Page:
THE Philippine Health Insurance Corp. should be abolished and replaced by a new agency through legislation, the Senate blue ribbon committee said in a report on Tuesday after a probe that exposed corruption among high-ranking officials.
“The agency’s vice presidents and regional directors are the real mafia there,” Senator Richard J. Gordon, who heads the committee, told an online news briefing in Filipino.
The lawmaker said the state insurance company had failed to reform itself because high-ranking officials have been involved in various anomalous.
He cited the case of former PhilHealth acting President Roy B. Ferrer, who discovered the ghost dialysis scheme. Mr. Ferrer tried to rotate regional vice presidents but was later sued for the move.
“We do not mean here to prejudge and say he is innocent,” Mr. Gordon said. “We will let the courts decide his fate. But what is beginning to appear is a pattern that is also seen in the fate of De la Serna,” according to a copy of the committee report.
The body was referring to Celestina Ma. Jude P. de la Serna, who was PhilHealth chief between April 2017 and June 2018. She likewise pushed for the assignment rotation of regional officials.
Mr. Gordon recommended that PhilHealth regional directors be reshuffled and subjected to regular lifestyle checks.
He also asked the Office of the Ombudsman to conduct its own investigation for possible plunder charges against some PhilHealth officials.
The Senate committee wants to establish an online death verification system across PhilHealth, the Social Security System and Government Service Insurance System among other retirement services.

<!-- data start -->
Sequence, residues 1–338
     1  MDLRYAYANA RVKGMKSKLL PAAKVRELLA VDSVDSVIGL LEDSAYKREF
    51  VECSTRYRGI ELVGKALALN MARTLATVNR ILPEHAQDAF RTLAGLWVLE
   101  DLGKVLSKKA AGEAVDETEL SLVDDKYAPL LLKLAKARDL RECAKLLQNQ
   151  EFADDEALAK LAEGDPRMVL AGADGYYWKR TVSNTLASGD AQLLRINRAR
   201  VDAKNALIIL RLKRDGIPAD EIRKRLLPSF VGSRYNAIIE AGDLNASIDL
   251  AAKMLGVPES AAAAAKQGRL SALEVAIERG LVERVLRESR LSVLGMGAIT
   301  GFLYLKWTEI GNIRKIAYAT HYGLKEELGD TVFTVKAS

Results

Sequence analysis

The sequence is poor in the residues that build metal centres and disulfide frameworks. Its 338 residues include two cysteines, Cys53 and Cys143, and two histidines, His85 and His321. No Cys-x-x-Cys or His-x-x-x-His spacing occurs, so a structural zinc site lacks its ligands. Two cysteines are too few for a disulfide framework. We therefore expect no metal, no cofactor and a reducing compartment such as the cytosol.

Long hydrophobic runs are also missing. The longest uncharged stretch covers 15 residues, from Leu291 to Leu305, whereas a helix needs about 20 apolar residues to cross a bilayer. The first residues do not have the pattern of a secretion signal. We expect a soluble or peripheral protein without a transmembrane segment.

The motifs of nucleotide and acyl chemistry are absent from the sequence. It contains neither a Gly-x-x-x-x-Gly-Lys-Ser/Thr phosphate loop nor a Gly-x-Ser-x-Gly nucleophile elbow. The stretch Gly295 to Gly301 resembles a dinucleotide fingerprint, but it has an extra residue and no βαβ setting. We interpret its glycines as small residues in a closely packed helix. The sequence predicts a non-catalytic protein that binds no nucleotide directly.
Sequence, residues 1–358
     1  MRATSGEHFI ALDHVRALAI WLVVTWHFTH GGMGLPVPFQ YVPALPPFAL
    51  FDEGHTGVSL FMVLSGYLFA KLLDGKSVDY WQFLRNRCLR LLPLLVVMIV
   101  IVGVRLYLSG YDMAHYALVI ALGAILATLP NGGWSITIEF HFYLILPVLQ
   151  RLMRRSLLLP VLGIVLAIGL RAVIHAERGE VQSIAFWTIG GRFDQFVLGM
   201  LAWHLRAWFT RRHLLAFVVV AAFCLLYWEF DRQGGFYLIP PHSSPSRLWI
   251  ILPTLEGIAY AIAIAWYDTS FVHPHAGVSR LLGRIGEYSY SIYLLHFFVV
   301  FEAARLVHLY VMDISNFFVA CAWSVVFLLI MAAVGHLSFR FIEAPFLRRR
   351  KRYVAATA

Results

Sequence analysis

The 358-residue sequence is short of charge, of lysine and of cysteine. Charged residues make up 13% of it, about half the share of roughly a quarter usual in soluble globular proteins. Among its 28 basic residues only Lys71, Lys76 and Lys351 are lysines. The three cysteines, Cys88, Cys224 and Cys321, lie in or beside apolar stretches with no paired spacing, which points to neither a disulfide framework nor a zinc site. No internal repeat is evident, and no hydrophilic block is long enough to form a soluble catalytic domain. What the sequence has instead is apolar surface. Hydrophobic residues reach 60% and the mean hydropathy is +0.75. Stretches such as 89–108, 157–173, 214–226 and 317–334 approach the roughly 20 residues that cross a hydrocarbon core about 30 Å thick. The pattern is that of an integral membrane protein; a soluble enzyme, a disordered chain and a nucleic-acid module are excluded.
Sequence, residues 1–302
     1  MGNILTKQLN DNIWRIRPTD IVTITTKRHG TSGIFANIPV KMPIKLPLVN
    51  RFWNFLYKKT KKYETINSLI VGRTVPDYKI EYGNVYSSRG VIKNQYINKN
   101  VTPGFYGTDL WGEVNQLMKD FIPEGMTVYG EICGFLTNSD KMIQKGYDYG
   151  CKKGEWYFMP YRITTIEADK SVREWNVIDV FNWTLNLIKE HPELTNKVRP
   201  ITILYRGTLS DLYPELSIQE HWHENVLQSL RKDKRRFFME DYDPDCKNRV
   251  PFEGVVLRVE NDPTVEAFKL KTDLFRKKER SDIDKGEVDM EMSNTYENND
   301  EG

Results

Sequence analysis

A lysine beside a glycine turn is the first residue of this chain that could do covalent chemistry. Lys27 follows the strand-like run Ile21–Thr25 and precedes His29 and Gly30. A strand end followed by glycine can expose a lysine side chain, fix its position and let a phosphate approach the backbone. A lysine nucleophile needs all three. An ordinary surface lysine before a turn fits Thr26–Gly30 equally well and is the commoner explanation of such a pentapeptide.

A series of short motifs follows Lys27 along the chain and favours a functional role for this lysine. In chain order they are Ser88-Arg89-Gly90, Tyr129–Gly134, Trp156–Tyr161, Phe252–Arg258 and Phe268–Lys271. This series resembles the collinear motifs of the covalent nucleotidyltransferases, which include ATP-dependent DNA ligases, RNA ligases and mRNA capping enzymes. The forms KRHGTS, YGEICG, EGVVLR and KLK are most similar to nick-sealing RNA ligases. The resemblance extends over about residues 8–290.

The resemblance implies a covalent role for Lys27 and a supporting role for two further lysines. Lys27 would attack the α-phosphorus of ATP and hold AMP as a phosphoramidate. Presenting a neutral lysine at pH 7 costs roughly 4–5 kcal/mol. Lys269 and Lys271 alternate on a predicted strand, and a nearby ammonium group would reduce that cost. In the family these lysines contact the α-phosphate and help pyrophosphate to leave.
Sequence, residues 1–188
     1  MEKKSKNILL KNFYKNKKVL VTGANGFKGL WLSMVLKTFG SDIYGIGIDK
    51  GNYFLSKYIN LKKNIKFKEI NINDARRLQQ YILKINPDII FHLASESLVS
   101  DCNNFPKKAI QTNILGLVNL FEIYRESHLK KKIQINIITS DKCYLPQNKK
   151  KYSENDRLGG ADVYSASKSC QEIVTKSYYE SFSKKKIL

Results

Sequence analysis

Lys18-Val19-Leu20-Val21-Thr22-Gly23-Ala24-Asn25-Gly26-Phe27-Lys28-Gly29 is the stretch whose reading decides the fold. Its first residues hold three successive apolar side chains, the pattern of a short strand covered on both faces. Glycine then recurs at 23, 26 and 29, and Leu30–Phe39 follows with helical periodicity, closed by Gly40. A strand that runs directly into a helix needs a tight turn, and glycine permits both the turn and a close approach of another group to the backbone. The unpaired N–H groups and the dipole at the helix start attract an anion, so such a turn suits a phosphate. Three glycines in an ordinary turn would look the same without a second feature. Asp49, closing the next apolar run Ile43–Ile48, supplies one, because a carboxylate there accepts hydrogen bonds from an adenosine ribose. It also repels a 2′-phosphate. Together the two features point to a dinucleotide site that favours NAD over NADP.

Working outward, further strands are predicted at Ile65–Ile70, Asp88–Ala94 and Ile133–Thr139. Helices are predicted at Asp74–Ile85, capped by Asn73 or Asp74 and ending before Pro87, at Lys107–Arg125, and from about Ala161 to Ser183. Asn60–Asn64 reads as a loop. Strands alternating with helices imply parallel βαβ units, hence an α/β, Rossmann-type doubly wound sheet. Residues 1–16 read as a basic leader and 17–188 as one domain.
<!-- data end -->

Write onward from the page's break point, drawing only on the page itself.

It also pushed the creation of a monitoring group on transactions and an Insurance Fraud Detection bureau.
Meanwhile, Justice Secretary Menardo I. Guevarra said a faulty information technology system had made it easy for PhilHealth officials to commit fraud.
“The IT system of PhilHealth is fragmented and it can easily be manipulated because there is no centralized control over the management information system,” said during a televised meeting with President Rodrigo R. Duterte on Monday night.
The Justice department, which is conducting a separate probe of PhilHealth, was focusing on the agency’s legal system and financial management, Mr. Guevarra said.
Mr. Duterte vowed to cleanse the agency and prosecute corrupt PhilHealth officials.
PhilHealth President Ricardo Morales and other officials have been accused of pocketing billions of pesos in taxpayers’ money that has bled the agency to death.
The Senate committee found gross overpricing of equipment bought by PhilHealth and favoritism in the release of so-called interim reimbursement mechanism funds.
The mechanism allowed the agency to grant advance payments to health institutions by up to three months during the pandemic, even if only P1 billion had been liquidated.
Former PhilHealth anti-fraud legal officer Thorsson Keith earlier told the Senate committee the agency’s top officials had pocketed P15 billion through fraudulent programs.
He said the sum came from overpriced equipment the agency had bought, as well as from a program that gave financial aid to health facilities amid a coronavirus pandemic.
PhilHealth officials have denied the allegations. — Charmaine A. Tadalan and Gillian M. Cortez